I Say A Little Prayer

Aretha Franklin was always quick with a cover. If she heard it and liked it enough, she was going to put her mark on it. Dionne Warwick’s “I Say A Little Prayer” is a prime example. Dionne Warwick’s original was released as a single in December of 1967, and hit its peak in February of 1968. Aretha cut her cover on April 17, 1968, and released it on Aretha Now on June 14, 1968.

As the story goes, according to David Ritz’s Respect: The Life of Aretha Franklin, Aretha was in the studio with Cissy Houston and The Sweet Inspirations. The girls were singing “I Say A Little Prayer” for fun during rehearsals, and it was soon realized that the song could be a good track to cut.

Aretha’s producer Jerry Wexler felt differently: “I advised Aretha not to record it,” he told David Ritz. Wexler had a 2-pronged opposition to Aretha recording the song. “First, to cover a song only twelve weeks after the original reached the top of the charts was not smart business. You revisit such a hit eight months to a year later. But more than that, Bacharach’s melody, though lovely, was peculiarly suited to a lithe instrument like Dionne Warwick’s- a light voice without the dark corners or emotional depths that define Aretha. Also, Hal David’s lyric was also somewhat girlish and lacked the gravitas that Aretha required.”

However, Aretha’s argument had a notable ally: Cissy Houston was Dionne’s cousin. Cissy took Aretha’s side on the matter based on the strong background arrangement Aretha created for The Sweet Inspirations, and Jerry caved.

Good thing he did. Aretha’s version, driven once again by her genius piano playing with the Muscle Shoals boys backing her and Sweet Inspirations lending their voices to the backgrounds topped Dionne’s version. That background arrangement creates a call-and-response-esque dynamic between Aretha and The Sweet Inspirations. Their echoes on her verses solidify her words, and their lead on the chorus permit her to take vocal liberties with the melody and soar to soulful heights. It’s the nuances of her arrangements like those background vocals that complete the song.

But there’s something in the groove that further solidifies Aretha’s version as superior. An anticipation takes hold as the song mellows before it’s final crescendo. It almost implies “it’s not over yet, and she’s about to blow the roof off the place.” Once the song returns to that pre-crescendo mellow which concludes her version, she could easily turn it back around again (and again) and it would satisfy the same yearning as the first time around. As Jerry Wexler said after they cut Aretha’s take: “She blew the fuckin’ doors off the song… She redefined it, restructuring the sound and turning what had been delightful fluff into something serious, obsessive, and haunting.”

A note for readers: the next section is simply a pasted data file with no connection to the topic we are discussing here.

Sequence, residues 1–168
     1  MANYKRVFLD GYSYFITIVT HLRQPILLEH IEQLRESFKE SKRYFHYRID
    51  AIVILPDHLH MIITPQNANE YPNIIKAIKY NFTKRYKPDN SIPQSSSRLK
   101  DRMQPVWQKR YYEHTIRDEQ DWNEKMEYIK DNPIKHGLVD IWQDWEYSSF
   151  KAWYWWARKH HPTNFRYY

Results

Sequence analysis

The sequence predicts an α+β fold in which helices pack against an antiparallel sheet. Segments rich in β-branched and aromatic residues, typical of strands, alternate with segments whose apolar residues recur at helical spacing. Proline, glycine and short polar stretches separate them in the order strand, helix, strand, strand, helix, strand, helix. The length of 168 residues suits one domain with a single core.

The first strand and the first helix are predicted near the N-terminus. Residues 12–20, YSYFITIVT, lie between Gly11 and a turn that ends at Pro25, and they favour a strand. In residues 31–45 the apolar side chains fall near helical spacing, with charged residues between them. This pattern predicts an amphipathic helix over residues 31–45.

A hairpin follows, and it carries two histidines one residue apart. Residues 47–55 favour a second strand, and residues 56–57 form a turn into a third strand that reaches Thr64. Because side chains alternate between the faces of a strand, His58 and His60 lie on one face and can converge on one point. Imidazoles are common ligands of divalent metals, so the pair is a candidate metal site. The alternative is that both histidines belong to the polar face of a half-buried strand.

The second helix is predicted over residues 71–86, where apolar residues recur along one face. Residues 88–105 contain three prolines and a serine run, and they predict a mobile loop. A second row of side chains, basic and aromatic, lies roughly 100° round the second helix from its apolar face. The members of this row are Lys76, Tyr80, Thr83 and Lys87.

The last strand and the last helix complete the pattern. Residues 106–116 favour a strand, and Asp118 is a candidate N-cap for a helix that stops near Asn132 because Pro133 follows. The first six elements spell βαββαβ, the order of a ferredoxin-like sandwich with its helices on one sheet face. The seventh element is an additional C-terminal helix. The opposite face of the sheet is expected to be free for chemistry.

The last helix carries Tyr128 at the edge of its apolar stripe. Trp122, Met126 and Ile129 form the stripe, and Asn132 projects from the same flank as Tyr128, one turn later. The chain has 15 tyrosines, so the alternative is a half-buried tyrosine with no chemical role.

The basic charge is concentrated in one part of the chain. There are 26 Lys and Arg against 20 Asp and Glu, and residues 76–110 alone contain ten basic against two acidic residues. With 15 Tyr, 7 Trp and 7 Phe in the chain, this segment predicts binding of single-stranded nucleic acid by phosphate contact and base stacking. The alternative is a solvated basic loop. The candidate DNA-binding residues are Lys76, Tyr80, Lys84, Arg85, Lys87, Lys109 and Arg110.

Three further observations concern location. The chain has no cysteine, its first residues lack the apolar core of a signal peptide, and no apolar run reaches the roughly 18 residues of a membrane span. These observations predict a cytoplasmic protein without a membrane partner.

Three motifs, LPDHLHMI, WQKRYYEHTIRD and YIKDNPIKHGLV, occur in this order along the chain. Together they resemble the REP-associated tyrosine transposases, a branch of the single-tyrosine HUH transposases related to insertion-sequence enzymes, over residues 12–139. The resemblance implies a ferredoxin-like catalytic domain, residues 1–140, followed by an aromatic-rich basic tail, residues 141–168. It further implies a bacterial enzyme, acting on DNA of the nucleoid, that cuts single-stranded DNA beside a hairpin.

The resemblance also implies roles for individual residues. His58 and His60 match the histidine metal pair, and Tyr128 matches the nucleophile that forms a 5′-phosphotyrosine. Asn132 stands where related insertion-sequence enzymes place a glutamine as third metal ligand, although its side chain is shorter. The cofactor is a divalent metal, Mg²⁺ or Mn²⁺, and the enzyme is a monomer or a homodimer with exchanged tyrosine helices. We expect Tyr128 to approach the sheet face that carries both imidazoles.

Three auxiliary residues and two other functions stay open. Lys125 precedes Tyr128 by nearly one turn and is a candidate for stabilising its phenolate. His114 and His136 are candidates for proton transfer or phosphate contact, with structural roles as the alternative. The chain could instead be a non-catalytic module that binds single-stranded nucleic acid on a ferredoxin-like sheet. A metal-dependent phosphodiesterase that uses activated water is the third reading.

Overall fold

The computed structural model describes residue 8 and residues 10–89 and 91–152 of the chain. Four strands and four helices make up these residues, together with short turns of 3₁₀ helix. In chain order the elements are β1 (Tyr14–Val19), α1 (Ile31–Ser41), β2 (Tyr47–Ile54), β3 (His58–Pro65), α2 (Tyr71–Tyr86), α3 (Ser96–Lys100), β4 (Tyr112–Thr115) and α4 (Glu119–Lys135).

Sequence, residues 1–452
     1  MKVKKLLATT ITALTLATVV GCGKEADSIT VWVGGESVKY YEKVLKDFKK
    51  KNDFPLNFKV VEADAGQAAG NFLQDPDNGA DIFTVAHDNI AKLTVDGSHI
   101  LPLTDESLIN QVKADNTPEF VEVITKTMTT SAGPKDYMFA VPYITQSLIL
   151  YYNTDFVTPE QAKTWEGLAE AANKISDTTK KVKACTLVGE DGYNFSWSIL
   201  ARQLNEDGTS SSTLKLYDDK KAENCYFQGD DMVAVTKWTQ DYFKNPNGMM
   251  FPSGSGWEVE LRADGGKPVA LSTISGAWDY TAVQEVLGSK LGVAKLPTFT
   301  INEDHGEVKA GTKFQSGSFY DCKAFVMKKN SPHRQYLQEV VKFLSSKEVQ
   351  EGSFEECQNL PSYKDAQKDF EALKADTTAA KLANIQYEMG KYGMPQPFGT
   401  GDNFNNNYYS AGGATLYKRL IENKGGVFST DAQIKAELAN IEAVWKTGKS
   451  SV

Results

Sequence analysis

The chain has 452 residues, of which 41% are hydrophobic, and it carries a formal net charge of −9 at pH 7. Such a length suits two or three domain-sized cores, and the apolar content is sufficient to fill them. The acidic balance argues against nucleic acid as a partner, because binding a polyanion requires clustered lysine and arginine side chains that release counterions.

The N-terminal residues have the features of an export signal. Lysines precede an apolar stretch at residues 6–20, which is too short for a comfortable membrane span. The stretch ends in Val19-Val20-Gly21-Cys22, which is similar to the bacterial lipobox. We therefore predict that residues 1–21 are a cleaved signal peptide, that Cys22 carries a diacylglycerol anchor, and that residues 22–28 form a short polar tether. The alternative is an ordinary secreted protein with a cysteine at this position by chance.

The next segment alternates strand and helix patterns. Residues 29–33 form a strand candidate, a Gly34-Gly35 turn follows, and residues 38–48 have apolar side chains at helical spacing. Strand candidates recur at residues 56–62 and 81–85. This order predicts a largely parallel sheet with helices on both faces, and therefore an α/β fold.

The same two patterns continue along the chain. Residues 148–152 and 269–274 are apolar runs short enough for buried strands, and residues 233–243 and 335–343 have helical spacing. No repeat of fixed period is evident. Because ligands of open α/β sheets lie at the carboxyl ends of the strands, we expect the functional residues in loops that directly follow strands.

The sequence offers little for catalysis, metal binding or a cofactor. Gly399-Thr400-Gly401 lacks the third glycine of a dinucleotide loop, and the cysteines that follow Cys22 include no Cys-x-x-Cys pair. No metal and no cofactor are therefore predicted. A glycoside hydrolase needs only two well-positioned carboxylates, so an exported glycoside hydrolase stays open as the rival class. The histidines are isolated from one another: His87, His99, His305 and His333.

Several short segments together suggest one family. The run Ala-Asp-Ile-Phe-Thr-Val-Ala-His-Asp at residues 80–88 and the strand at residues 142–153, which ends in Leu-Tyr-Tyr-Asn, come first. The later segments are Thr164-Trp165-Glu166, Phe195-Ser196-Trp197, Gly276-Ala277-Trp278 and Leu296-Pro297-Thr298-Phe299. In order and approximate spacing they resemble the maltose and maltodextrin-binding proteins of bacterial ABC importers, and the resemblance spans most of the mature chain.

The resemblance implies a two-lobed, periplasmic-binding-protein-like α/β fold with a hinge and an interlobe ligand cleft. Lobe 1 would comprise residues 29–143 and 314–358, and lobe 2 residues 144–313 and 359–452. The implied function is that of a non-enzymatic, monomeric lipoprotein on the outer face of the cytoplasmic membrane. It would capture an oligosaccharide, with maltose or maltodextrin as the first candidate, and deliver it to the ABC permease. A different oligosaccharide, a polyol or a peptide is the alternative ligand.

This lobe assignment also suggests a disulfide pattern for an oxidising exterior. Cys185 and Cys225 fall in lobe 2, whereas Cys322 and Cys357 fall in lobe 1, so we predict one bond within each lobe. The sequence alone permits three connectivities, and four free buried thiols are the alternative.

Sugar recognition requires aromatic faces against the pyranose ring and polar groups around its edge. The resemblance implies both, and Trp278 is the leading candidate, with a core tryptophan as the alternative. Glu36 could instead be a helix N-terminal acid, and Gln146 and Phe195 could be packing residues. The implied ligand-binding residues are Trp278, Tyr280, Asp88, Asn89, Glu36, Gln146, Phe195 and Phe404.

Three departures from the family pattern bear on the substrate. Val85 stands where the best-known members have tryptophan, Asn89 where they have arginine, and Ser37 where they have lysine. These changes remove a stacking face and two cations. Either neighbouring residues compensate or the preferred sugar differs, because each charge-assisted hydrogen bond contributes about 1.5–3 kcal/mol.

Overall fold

Even the song’s composers agreed: “It’s more natural.” Burt Bacharach told NPR’s Terry Gross in an interview in 2010. “It’s better than the record we made (with Dionne Warwick)”. Hal David agreed: “…we did a great record, but she topped it.” That was something you could always count on (or fear) about Aretha. She knew how to make a great record greater than.

Funny enough, the same year Bacharach and David gave that interview, Aretha added another layer to the song. A bipartisan one, so-to-speak. During a performance with the Philadelphia Orchestra at The Mann Center in Philadelphia, lifelong Democrat Aretha invited perhaps the most unexpected person in the world to accompany her on the piano: George W. Bush’s former Secretary of State Condoleezza Rice.

“Didn’t think she could play it, did you?” Aretha quipped as fmr. Secretary Rice began to play the opening notes on that balmy summer night. It doesn’t quite stay together the way it does with literally anyone else at the piano, Condoleezza appears to get lost at one point. But they do get back on track and finish it off.

Here’s audio I took of the Queen of Soul and fmr. Secretary of State Rice performing “I Say A Little Prayer”, which has never been shared in its’ entirely:

And while Aretha and Dionne famously had a little tiff in recent years, for many years they were very cordial to one another. On one occasion during a 1981 episode of ‘Solid Gold’ the two even performed “I Say A Little Prayer” together. It’s interesting to watch the two lean heavily into an arrangement that’s much more Dionne’s than Aretha’s, though Aretha still incorporates vocal trademarks of her own version.

“I Say A Little Prayer” perfectly encapsulates Aretha Franklin’s talent. She took a run-of-the-mill pop song and completely transformed it. With the incorporation of a soulful groove, a background arrangement which echoes her verses and dominates the chorus allowing her singular voice freedom to demonstrate it’s range, pop becomes soul.

Stream “I Say A Little Prayer” below, and check out a few of the classic performances, as well as one I was lucky enough to catch:


“Years Of Years.” Respect: The Life of Aretha Franklin, by David Ritz, Little, Brown & Company, 2014, pp. 195–196.


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